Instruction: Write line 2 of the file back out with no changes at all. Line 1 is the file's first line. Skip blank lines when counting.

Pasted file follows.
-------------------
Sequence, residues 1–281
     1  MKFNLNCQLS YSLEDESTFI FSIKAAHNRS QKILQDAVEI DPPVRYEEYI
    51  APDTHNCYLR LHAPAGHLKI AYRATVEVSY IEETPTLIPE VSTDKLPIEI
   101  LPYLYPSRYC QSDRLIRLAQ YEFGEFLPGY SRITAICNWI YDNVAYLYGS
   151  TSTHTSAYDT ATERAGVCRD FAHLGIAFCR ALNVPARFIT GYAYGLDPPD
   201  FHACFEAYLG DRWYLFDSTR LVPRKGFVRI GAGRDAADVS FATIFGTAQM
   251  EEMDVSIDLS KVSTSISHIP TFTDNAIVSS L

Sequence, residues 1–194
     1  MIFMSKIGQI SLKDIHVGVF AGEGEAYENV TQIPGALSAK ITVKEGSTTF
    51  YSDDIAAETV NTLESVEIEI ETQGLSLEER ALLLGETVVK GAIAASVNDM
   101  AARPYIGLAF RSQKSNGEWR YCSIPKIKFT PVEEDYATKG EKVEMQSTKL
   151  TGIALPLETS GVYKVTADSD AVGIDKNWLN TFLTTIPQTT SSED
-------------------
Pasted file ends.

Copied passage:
     1  MKFNLNCQLS YSLEDESTFI FSIKAAHNRS QKILQDAVEI DPPVRYEEYI